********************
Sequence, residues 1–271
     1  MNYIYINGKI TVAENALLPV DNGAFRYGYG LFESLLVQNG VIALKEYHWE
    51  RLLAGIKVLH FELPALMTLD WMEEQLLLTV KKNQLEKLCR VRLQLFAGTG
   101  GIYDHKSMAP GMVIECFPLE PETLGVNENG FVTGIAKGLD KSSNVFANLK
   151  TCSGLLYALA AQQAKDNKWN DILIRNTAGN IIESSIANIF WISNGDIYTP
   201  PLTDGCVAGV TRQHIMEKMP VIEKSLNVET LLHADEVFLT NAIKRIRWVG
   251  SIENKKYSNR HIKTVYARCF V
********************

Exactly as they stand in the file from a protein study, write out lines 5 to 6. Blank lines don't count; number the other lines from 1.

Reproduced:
   151  TCSGLLYALA AQQAKDNKWN DILIRNTAGN IIESSIANIF WISNGDIYTP
   201  PLTDGCVAGV TRQHIMEKMP VIEKSLNVET LLHADEVFLT NAIKRIRWVG